Effect of tillage direction on dust and nutrient mobilization by wind, using wind tunnel simulations and modeling with SWEEP
1, Ali Mohammadian Behbahani2, Goswin Heckrath3, Nikolaus J. Kuhn4
1Physical Geography and Environmental Change, University of Basel (email@example.com), Basel, Switzerland, 2Gorgan University of Agricultural Sciences and Natural Resources (GUASNR), Gorgan, Iran, 3Department of Agroecology, Aarhus University, Aarhus, Denmark, 4Institute for Urban and Landscape Studies, University of Basel, Basel, Switzerland
Wind erosion is a selective process, which promotes erosion of fine particles. Therefore, it can be assumed that increasing erosion rates are generally associated with increasing loss of dust sized particles and nutrients. However, this selective process is strongly affected by the orientation and respective trapping efficiency of tillage ridges and furrows. Since tillage ridges are often the only protection measure available on poorly aggregated soils in absence of a protective vegetation cover, it is very important to know which orientation respective to the dominant wind direction provides best protection. This knowledge could be very helpful for planning erosion protection measures on fields with high wind erosion susceptibility. The main objective of this study, therefore, was to determine the effect of tillage direction on dust and nutrient mobilization by wind, using wind tunnel simulations. In order to assess the relationship between the enrichment ratio of specific particle sizes and the amount of eroded nutrients, three soils with loamy sand texture, but varying amounts of sand-sized particles, were selected. In addition, a soil with slightly less sand, but much higher organic matter content was chosen. The soils were tested with three different soil surface scenarios - flat surface, parallel tillage, perpendicular tillage.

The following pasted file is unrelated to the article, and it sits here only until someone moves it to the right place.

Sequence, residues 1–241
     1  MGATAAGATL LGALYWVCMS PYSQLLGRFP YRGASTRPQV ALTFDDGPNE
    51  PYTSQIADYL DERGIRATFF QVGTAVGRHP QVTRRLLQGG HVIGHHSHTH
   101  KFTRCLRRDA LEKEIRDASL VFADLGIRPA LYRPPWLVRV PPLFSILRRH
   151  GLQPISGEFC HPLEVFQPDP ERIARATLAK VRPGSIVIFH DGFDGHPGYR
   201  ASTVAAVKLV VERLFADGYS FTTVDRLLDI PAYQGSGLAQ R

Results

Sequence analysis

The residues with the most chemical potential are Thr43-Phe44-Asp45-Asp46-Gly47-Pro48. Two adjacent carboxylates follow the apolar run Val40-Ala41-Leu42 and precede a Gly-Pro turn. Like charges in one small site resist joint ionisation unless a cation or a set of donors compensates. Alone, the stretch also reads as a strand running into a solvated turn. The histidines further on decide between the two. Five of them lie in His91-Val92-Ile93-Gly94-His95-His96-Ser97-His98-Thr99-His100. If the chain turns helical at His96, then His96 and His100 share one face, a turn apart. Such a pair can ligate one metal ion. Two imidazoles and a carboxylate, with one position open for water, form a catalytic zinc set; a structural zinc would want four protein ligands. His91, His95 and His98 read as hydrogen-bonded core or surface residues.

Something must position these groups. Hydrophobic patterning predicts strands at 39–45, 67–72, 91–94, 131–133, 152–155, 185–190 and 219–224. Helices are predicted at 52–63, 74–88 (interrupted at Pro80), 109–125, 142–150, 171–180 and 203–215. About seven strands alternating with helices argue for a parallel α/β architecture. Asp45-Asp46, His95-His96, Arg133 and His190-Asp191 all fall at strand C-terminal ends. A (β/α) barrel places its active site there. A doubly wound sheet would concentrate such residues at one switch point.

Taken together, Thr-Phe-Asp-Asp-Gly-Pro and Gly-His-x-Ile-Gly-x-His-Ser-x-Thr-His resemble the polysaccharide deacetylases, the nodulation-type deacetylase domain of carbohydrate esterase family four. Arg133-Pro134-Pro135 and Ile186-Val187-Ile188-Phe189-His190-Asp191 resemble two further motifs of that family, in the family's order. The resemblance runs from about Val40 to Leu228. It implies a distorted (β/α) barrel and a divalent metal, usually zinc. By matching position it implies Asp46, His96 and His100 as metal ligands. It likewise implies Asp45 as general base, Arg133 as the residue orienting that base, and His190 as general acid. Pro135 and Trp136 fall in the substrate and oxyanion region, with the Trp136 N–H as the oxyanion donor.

The parallel tillage operation experienced the greatest erosion rates, independent of soil type. Particles with D50 between 100-155 µm showed the greatest risk of erosion. The results from the SWEEP model showed remarkable similarity between modeled and wind tunnel data. However, due to a greater loss of dust sized particles from perpendicularly tilled surfaces, this wind-surface arrangement showed a significant increase in nutrient enrichment ratio compared to parallel tillage and flat surfaces. The main reason for this phenomenon is most probably the trapping of larger particles in the perpendicular furrows. This indicates that the highest rate of soil protection does not necessarily coincide with lowest soil nutrient losses and dust emissions. For the evaluation of protection measures on these soil types in Denmark it is, therefore, important to differentiate between their effectivity to reduce total soil erosion amount, dust emission, and nutrient loss.